Beirut, 30 January 2018 (Communication and Information Unit)---A dozen ambassadors from Arab countries were at the United Nations’ regional commission in Beirut on Tuesday to discuss common priorities for 2018 that will build on economic and social progress achieved in 2017.
“Our meeting with representatives and ambassadors from Arab States was very significant in terms of presenting ESCWA's programmes for 2018 in addition to briefing them on our accomplishments during 2017,” said Mohamed Ali Alhakim, the Executive Secretary of the UN Economic and Social Commission for Western Asia (ESCWA).
“We will consistently be communicating with them to share the status of ESCWA projects, publications and specialized meetings, including all matters related to social and economic development and the 2030 Agenda,” he added.
The meeting was held in the context of Advisory Committee sessions organized every four months and composed of heads of diplomatic missions based in the host country, Lebanon, as well as a representative from the Lebanese Foreign Ministry.
This first session of 2018 featured a briefing by Executive Secretary Alhakim who began by highlighting UN Secretary-General Antonio Guterres’ reform proposals for the UN development system. These aim to enhance the UN’s contribution to sustainable development, ensure more effective capacities to tackle conflict and sustain peace, and improve the UN’s internal management and ability to deliver.
Mr. Alhakim underlined activities conducted by ESCWA throughout the region, such as capacity building workshops that seek to build local knowledge and transfer expertise from one country to another. His recent visits to GCC countries, Iraq, Jordan and Egypt were described as opportunities to hold bilateral meetings and enhance mutual cooperation.
Publications recently released by ESCWA were in the spotlight, such as the Arab Multidimensional Poverty Report, which provides practical proposals to support Arab efforts in the eradication of poverty, and the RICCAR Arab Climate Change Assessment Report, which warns about the impact climate change is expected to have on freshwater resources until the end of the century.
On the issue of gender equality, which is a crosscutting priority across all of ESCWA’s work, Mr. Alhakim stressed the urgency of integrating more women in the labour market and insisted on the critical need to generate employment opportunities and vocational training for young women and men alike. He also drew attention to a project that estimates the costs of intimate partner violence—the most common form of violence against women in the Arab world—which will continue this year following pilots in Egypt and Palestine.
The Commission’s activities in support of technology and innovation will also take center stage in 2018, with “Technology for Development” as the theme of the upcoming Ministerial Session. Mr. Alhakim stressed that innovation is crucial for public sector reform and to improve government services, in addition to empowering youth and stimulating entrepreneurship.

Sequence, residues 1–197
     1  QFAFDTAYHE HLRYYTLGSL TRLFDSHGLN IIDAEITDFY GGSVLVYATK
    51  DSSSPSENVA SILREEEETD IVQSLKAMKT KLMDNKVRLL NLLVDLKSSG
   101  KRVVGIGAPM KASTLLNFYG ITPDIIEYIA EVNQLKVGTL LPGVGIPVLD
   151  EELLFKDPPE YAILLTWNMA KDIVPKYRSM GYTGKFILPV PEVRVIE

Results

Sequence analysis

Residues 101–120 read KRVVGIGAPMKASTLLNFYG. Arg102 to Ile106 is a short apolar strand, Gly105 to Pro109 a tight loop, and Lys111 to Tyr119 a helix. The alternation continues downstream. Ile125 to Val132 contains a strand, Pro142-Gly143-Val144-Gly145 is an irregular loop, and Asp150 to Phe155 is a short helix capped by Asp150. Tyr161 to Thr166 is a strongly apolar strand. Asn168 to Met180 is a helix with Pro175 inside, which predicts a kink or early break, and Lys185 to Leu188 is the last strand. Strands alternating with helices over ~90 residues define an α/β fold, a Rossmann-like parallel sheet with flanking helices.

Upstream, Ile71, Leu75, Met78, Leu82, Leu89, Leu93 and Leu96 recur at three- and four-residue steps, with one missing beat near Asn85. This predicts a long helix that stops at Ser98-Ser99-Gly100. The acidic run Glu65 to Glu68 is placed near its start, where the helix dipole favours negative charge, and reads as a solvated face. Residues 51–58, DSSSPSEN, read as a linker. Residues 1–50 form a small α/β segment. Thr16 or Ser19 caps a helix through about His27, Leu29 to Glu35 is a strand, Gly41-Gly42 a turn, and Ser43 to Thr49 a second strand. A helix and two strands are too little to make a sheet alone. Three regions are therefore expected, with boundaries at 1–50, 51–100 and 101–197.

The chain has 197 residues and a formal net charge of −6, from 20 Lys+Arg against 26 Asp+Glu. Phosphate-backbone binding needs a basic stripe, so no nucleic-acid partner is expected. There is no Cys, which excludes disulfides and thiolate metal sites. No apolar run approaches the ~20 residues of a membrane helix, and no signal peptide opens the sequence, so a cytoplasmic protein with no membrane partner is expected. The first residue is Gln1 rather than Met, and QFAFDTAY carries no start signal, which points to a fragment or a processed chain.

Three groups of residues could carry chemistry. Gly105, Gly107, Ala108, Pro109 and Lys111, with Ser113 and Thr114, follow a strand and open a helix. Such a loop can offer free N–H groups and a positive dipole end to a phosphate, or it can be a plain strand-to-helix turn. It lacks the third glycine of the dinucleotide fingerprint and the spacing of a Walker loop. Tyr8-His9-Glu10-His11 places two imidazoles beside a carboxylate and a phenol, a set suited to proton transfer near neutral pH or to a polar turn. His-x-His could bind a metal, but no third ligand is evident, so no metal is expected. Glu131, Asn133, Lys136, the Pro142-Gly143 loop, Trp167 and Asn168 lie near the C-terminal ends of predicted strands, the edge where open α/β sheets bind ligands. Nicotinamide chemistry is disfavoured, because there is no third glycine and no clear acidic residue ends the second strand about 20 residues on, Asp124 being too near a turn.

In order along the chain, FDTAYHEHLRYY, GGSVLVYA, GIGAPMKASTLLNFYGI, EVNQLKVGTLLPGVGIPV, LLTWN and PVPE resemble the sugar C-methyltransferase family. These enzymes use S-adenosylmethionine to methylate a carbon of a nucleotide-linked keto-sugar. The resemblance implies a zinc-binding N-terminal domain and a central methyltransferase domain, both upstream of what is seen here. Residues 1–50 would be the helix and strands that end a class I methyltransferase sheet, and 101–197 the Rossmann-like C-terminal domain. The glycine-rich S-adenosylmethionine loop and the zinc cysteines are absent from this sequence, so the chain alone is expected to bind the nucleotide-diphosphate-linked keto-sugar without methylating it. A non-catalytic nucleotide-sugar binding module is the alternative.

ESCWA is also set to continue its unique support to member States in improving statistical standards in the collection, analysis and dissemination of data, especially in the context of the 17 Sustainable Development Goals (SDGs) and their many indicators. Given that reliable data is key to reaching evidence-based policy decisions and for monitoring progress, Arab countries are being encouraged to exchange their experiences, not just in terms of technical issues but also in setting up the institutional landscape necessary for achieving results.
Ambassadors and government representatives then took the floor to engage with ESCWA’s leadership, including Deputy Executive Secretary Khawla Mattar. Asked about the role of the Commission in regards to preventative diplomacy in the aftermath of conflict, Ms. Mattar highlighted ESCWA’s works in mitigating the impact of crises, transition and occupation in the Arab region by building the capacity of member States to respond to conflict and related risks.
In addition, several projects are supporting Arab countries in conflict, such as the National Agenda for the Future of Syria Programme (NAFS). Established in 2012, NAFS is a platform for Syrians to develop policy options that can pave the way for peace, reconciliation, and a sustainable recovery in post-conflict Syria. Similar initiatives are underway for Libya and Yemen.
“These projects are being developed in consultation with experts, civil society bodies and all of the concerned groups in each country,” Ms. Mattar stressed, noting the importance of establishing the root causes of conflict and exploring the consequences of war on the development of human capacities.
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